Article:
"As he continues to gain experience and strength and be comfortable at this level, he’s going to be a guy that can play in all areas and all situations for us, power play, PK, 5-on-5," Blasi said. "He’s got a pretty good stick on him, but he’s just like anybody else who’s a freshman, trying to figure it out.

"I think he’s one of those guys that, down the road, we’re going to have in all key situations."

Similarities to Hall of Famer

When Cam describes himself as a player, he sees some similarities between him and his dad, who was listed at 5-10 and 195 pounds in his playing days (1988-2011).

"I think we skate the same and I still use his curve (on my stick)," Recchi said. "We have a pretty similar shot.

"We both like to play hard, make plays and can score goals when we need to."

Mark is in the Hockey Hall of Fame after scoring 577 goals, 1,533 points and playing 1,652 games. He was a seven-time NHL All-Star and won Stanley Cups with three teams (Pittsburgh, 1991, Carolina, 2006, Boston 2011). Cam remembers going to the majority of his dad's home games growing up but, not surprisingly, seeing his dad win the Stanley Cup tops the list of things he's seen.

Boston Bruins forward Mark Recchi (28) congratulates forward Marco Sturm after scoring a goal during the Winter Classic alumni hockey game against the Montreal Canadiens Dec. 31, 2015 at Gillette Stadium in Foxborough, Mass. Bob DeChiara / USA TODAY Sports
Boston Bruins forward Mark Recchi (28) congratulates forward Marco Sturm after scoring a goal during the Winter Classic alumni hockey game against the Montreal Canadiens Dec. 31, 2015 at Gillette Stadium in Foxborough, Mass. Bob DeChiara / USA TODAY Sports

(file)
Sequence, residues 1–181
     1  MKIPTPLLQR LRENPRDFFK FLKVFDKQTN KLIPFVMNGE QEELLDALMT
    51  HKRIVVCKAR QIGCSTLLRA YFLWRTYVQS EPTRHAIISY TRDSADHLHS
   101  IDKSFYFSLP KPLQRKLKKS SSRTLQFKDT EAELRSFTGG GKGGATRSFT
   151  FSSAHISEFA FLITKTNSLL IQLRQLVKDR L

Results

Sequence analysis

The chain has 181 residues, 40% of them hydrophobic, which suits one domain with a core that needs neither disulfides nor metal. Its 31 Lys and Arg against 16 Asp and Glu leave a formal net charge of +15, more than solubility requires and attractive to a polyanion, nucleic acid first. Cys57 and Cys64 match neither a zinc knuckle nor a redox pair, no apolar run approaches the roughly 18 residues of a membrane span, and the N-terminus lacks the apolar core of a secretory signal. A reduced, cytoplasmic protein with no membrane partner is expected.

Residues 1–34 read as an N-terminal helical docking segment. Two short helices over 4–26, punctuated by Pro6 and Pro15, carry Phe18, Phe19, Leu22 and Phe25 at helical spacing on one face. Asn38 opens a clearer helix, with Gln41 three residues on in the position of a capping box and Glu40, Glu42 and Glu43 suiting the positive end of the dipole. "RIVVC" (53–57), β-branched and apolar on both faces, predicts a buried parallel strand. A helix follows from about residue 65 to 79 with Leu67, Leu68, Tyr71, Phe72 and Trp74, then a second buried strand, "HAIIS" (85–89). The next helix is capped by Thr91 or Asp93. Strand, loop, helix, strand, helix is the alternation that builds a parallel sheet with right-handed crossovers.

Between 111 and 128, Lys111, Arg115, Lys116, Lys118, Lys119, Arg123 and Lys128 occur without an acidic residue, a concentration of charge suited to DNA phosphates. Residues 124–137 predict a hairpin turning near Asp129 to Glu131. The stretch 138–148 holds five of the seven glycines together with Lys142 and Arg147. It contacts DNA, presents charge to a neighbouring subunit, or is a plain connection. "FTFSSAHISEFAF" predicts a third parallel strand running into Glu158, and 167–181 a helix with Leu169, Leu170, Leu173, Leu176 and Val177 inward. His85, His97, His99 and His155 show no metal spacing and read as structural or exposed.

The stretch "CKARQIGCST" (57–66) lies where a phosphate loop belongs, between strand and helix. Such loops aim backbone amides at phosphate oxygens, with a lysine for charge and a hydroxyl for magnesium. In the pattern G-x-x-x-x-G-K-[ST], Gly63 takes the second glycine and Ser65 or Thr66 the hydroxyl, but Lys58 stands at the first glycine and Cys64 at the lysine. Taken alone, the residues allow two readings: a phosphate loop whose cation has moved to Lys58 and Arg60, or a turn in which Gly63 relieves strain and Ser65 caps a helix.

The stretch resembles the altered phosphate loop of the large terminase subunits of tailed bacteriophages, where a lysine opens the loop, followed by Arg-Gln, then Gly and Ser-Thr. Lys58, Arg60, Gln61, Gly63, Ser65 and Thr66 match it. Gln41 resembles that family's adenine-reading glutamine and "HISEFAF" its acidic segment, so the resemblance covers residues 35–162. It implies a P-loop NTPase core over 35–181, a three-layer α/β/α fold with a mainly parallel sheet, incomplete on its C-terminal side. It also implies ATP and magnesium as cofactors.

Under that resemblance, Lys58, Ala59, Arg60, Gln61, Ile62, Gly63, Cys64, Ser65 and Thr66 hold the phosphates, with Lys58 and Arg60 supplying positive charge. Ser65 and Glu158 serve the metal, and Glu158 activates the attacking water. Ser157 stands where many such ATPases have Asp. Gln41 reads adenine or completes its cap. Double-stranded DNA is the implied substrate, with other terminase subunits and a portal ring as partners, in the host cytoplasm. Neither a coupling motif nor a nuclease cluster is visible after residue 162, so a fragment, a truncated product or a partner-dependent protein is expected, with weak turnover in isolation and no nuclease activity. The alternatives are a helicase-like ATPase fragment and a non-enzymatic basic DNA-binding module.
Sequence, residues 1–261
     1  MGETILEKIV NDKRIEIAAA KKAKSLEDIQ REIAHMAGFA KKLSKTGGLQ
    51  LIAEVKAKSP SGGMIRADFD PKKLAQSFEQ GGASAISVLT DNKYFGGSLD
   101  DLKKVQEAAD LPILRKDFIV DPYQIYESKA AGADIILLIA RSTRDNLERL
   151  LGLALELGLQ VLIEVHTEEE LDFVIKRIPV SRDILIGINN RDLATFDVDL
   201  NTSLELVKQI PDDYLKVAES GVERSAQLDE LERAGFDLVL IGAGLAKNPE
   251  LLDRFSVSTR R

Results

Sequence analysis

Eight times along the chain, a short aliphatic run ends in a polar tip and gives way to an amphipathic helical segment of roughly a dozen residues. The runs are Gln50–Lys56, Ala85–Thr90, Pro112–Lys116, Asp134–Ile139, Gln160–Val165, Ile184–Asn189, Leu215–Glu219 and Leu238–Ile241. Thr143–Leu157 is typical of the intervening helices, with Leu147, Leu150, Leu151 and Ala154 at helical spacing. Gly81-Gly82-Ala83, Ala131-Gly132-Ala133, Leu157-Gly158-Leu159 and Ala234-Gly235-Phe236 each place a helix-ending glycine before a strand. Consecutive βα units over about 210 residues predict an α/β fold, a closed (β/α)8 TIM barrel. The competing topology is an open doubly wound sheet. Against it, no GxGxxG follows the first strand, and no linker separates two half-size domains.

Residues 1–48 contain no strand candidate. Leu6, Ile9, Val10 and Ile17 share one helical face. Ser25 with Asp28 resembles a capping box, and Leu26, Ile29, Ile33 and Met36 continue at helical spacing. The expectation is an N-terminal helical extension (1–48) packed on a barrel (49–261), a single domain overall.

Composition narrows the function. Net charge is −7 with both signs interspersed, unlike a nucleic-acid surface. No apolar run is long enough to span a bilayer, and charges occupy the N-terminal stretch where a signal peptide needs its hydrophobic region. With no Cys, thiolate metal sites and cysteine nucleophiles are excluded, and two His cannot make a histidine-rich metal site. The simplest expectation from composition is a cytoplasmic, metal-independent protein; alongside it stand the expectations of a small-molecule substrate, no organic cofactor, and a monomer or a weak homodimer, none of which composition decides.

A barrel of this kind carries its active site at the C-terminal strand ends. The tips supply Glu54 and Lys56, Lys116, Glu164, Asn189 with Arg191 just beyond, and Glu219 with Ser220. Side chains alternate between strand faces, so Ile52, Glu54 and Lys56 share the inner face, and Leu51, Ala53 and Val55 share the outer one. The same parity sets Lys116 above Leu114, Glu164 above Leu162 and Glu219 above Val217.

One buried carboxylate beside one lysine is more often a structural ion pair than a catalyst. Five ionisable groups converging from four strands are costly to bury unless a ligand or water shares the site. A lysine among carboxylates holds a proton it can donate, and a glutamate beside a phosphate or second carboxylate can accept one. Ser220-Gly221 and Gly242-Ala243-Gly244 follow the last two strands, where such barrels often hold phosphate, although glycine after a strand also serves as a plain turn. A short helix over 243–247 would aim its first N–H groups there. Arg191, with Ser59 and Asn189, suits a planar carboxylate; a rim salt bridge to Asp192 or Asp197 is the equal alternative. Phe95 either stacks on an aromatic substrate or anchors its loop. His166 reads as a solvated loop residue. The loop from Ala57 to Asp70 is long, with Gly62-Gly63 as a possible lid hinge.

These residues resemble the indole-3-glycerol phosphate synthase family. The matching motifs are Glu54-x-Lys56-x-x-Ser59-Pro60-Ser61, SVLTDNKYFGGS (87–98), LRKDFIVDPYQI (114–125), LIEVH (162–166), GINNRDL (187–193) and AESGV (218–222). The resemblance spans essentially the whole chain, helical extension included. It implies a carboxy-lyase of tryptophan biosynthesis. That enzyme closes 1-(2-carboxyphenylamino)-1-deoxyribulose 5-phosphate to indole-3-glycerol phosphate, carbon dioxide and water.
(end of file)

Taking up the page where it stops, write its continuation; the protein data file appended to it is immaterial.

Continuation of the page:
"I mostly remember him winning the Cups in 2006 and 2011. That was a really cool experience to be a part of," Cam said. "He would always have me down in the locker room after games and letting me experience it. It's pretty cool."

From 2017-20, Mark was an assistant coach for the Penguins and Cam has skated on the ice with a number of the Penguins, including Sidney Crosby, the two-time NHL MVP.

"I got to skate with a bunch of them and train with them in the summer and that was a pretty cool experience," Cam said. "They treated me so well, the best."

Cam decided not to play major junior hockey like Mark did. Mark, on top of being an assistant coach for the New Jersey Devils, is a co-owner of the Kamloops Blazers, a Western Hockey League major juniors hockey team. Players who play in major juniors are not eligible to play in the NCAA because they receive stipends to play.

Major junior hockey was an option for Cam, who was drafted by the Windsor Spitfires of the Ontario Hockey League in 2017. But his dad and mom, Alexa, helped him decide to try to go the college route.

"I was kind of a late bloomer," who was 5-7 and 142 pounds when Windsor drafted him. "I was really small. I didn't really hit a big growth spurt until I was 17 or 18. My mom really wanted me to get an education. Me and my dad thought that, with me being small in weight, to try to extend my opportunity and have a couple more years to play and develop."